London– Tata Steel workers in the UK on Wednesday voted robustly in favour of accepting steel producer’s proposal on pensions, jobs, investment and production.

As many as 72.1 per cent of the members who turned out for votes from Community and 75.6 per cent from Unite and 74 per cent of the third union, GMB, voted for the rescue plan.

“This result provides a mandate from our members to move forward in our discussions with Tata and find a sustainable solution for the British Steel Pension Scheme (BSPS),” said Roy Rickhuss, General Secretary of Community.

“Steel workers have taken a tough decision and have shown they are determined to safeguard jobs and secure the long-term future of steelmaking. Nobody wanted to be in this situation, but as we have always said, it is vital that we now work together to protect the benefits already accrued and prevent the BSPS from free-falling into the PPF,” he added.

Tony Brady, National Officer for Unite, said steel workers made great sacrifices to ensure the UK’s world class steel industry has a future.

“Those sacrifices must be repaid by Tata Steel honouring its commitments on investment and job security. Nothing less would be a betrayal and add to the deep mistrust that steel workers now have for the company,” he said.

In return for reforms that would de-risk its pension liabilities, Tata Steel had offered workers to keep both blast furnaces at Port Talbot running for at least five years with no compulsory redundancies. It also planned to invest one billion pound over a 10-year period.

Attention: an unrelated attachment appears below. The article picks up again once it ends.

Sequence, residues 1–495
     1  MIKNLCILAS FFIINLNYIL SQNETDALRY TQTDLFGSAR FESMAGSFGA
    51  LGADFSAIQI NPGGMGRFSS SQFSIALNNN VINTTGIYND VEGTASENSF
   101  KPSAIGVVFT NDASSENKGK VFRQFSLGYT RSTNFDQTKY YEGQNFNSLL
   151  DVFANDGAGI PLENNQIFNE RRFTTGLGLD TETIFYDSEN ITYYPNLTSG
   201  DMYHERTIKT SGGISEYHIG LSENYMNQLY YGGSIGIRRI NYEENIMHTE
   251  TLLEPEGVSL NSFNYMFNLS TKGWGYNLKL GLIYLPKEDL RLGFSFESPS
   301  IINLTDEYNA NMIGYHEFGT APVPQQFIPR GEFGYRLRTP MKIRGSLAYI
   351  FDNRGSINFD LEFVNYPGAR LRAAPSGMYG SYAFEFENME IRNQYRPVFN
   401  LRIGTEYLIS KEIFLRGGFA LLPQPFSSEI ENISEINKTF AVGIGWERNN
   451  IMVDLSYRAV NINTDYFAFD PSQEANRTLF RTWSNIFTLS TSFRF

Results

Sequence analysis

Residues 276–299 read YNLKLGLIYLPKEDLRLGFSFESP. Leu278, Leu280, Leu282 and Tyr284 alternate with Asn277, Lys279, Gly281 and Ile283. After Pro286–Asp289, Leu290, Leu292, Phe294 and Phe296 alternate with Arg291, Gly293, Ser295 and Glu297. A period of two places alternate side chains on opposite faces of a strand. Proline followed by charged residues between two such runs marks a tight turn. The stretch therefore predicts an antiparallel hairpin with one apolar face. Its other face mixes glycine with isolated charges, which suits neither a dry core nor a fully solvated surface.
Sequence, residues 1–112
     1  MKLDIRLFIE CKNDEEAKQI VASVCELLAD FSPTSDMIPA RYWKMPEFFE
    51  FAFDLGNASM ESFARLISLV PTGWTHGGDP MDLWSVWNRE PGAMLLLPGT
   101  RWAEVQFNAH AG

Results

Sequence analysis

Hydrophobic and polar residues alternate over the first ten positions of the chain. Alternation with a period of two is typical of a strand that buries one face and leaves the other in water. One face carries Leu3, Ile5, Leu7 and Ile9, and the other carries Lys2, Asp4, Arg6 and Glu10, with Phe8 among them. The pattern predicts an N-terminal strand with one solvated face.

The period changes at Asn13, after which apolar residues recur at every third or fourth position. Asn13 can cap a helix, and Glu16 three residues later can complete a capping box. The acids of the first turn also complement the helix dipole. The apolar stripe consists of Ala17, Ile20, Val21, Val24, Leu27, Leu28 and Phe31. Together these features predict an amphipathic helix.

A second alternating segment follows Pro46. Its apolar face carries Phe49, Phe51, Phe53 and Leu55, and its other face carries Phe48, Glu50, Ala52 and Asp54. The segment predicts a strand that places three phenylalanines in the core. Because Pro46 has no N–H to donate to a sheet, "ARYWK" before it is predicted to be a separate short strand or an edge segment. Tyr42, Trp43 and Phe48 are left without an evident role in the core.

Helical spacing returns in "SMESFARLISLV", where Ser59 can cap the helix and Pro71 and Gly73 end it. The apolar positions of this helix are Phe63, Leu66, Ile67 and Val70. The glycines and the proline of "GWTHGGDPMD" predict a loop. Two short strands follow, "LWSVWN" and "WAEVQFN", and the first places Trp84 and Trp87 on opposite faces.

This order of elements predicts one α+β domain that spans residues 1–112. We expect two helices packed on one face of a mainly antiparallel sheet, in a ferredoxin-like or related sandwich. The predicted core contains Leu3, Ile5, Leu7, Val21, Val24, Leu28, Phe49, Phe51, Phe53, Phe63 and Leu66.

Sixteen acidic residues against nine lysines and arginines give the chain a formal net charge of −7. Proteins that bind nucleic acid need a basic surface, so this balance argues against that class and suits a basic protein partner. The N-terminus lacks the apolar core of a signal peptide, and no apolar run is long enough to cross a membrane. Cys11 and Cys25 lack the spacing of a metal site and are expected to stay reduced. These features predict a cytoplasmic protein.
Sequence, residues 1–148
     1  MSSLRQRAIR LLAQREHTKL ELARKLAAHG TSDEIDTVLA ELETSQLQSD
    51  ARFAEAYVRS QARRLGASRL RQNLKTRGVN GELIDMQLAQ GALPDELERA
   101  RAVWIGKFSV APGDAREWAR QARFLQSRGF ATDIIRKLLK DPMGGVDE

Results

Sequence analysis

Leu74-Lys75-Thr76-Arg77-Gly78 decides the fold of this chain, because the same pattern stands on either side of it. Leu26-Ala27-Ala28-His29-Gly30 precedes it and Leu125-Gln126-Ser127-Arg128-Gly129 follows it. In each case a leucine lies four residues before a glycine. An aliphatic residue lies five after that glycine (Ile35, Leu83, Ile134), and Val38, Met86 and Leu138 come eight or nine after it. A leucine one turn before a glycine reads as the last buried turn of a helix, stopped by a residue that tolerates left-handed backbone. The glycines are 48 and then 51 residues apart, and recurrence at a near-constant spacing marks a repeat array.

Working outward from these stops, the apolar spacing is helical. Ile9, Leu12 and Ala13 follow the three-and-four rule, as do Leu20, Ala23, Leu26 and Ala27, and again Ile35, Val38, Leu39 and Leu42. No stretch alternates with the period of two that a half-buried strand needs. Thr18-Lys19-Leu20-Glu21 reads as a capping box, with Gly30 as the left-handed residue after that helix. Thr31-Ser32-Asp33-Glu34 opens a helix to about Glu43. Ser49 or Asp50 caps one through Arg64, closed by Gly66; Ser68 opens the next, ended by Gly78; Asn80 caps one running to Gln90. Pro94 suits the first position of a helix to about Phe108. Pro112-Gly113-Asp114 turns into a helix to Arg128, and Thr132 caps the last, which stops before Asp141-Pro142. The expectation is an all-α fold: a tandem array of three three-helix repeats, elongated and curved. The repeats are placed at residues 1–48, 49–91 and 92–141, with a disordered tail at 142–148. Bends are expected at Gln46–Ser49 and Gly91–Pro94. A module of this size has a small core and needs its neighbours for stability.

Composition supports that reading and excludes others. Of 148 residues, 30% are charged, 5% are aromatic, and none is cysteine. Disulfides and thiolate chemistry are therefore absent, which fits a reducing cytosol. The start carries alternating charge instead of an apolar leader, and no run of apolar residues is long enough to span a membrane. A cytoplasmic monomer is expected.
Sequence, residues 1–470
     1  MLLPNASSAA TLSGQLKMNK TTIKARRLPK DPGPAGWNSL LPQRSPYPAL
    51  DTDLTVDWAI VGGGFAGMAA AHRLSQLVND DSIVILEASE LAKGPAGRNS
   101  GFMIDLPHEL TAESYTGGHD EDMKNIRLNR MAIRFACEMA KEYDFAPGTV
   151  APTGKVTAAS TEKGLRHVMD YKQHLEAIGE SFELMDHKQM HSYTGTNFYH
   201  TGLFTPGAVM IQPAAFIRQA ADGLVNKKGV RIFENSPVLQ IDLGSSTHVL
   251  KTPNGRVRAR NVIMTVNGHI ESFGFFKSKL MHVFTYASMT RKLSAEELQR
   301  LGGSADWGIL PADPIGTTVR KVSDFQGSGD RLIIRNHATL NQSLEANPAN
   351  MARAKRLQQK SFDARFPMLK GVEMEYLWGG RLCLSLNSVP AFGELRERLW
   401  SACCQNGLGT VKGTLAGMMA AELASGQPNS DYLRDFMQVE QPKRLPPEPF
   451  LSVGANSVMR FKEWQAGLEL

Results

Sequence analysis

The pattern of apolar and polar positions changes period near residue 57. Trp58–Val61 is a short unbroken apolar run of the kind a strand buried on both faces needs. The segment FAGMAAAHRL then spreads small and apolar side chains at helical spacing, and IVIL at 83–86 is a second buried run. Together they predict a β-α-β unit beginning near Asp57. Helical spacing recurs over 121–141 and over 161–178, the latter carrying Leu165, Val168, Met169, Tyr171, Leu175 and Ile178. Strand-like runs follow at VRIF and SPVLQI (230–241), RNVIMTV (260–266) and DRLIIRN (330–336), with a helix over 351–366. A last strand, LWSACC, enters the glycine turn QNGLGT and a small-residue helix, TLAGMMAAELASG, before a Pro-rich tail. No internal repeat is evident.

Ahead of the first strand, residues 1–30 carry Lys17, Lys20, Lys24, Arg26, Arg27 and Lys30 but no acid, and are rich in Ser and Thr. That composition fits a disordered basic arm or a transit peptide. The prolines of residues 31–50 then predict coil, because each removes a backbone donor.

“The UK government in Westminster must also repay the sacrifices and the commitment shown by steel workers to their industry by stepping up to support steel and secure its future,” Brady said.

The UK government must now work in lockstep with the Welsh Government and put steel at the heart of a manufacturing industrial strategy which ensures UK steel is used in all major infrastructure and defence projects, he said.

“This ballot involved an extremely personal decision for everyone that voted. Whichever way our members cast their votes, we know they will not have taken that decision lightly and everyone’s opinions must be respected,” said Rickhuss.

Adding that the British government still has an important role to play, he expected them to deliver tangible support for steel making in the UK.

Rickhuss said unions expect Tata to make good on their promises and deliver the investment plan for the whole of their steel business.

Dave Hulse, National Officer for GMB, also said: “Now that steel workers have done their bit, it is time for the government step up and do theirs.”

He further said thousands of skilled jobs rely on steelmaking and the industry supports the whole UK manufacturing sector.

“Instead of insulting steel workers by classing their industry as a ‘low priority’, the government set out a strategy for steel that recognises it as a high priority for investment and innovation,” Hulse added.


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